});
    } else {
        // Return a 200 response code with JSON response payload
        callback(null, resultObject);
    }
};
exports.search = search;

controllers/favorites.js

/* Simple functions (as in search.js) that have the signature: */
/*     function xxx(params, callback) */
function getAllFavorites = function(params, callback) { ... };
function addFavorite     = function(params, callback) { ... };
function clearFavorites  = function(params, callback) { ... };
function getFavorite     = function(params, callback) { ... };
function updateFavorite  = function(params, callback) { ... };
function deleteFavorite  = function(params, callback) { ... };

exports.getAllFavorites = getAllFavorites;
exports.addFavorite     = addFavorite;
exports.clearFavorites  = clearFavorites;
exports.getFavorite     = getFavorite;
exports.updateFavorite  = updateFavorite;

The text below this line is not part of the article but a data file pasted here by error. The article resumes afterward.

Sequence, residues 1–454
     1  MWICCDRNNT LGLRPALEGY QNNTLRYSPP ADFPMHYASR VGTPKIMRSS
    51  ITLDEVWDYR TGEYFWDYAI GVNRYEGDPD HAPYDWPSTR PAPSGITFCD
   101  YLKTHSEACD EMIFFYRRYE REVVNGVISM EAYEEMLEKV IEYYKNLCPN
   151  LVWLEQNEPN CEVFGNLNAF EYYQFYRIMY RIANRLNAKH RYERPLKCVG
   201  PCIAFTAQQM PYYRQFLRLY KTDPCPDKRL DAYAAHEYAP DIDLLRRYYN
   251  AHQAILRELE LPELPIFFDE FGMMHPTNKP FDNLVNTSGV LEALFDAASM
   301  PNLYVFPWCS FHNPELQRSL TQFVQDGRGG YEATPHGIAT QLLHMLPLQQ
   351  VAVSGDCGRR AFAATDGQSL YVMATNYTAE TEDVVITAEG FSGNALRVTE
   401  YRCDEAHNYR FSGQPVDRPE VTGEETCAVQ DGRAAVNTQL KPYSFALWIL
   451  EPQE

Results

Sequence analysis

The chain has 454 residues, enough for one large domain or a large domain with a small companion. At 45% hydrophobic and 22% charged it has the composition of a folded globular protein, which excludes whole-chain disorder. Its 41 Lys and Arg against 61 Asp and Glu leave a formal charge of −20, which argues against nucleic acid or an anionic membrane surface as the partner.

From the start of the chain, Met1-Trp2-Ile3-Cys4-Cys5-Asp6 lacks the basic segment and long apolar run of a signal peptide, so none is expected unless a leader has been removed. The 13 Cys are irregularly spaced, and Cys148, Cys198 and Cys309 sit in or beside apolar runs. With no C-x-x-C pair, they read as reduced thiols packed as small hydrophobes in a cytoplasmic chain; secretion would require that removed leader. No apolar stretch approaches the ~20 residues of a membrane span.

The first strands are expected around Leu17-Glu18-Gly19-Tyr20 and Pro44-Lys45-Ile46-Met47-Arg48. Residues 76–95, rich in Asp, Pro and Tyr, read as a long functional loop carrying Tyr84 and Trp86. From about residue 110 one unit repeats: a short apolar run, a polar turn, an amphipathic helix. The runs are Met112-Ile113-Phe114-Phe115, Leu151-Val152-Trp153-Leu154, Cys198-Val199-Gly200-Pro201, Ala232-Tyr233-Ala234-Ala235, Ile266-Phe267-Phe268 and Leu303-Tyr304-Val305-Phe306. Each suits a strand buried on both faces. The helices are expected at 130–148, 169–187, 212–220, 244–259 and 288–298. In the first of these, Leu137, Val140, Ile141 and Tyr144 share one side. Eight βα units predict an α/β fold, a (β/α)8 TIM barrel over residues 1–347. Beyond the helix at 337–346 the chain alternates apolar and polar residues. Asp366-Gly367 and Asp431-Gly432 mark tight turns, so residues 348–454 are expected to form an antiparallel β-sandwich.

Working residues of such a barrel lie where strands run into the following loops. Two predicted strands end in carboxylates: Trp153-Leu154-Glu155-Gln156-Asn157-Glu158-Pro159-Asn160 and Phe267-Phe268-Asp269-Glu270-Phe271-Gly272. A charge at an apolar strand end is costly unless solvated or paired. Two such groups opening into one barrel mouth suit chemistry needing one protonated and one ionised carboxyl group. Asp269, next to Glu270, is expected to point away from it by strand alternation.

exports.deleteFavorite  = deleteFavorite;

(Almost) Real Examples

See the git repository malcolm-sample-express-client for a simple example API server implemented with malcolm and Express.

See the git repository malcolm-sample-hapi-client for a simple API server implemented with malcolm and HAPI.

NOTE: The resource names within the RAML files of these examples are purposefully named to be illustrative and are not "proper" REST resource names.

How to Use

To use malcolm, clients:

  • Author .raml files as usual

  • OPTIONAL: Author an optional .jx.json file that holds extended metadata and which enables developers to avoid even more boilerplate code (see the section "The optional .jx.json file" below for more information)

  • After calling malcolm.init, use either malcolm.addExpressRoutes or malcolm.addHapiRoutes to add all routes at once (requires the .jx.json file) or malcolm.addExpressRoute or malcolm.addHapiRoute for each route (does not require the .jx.json file).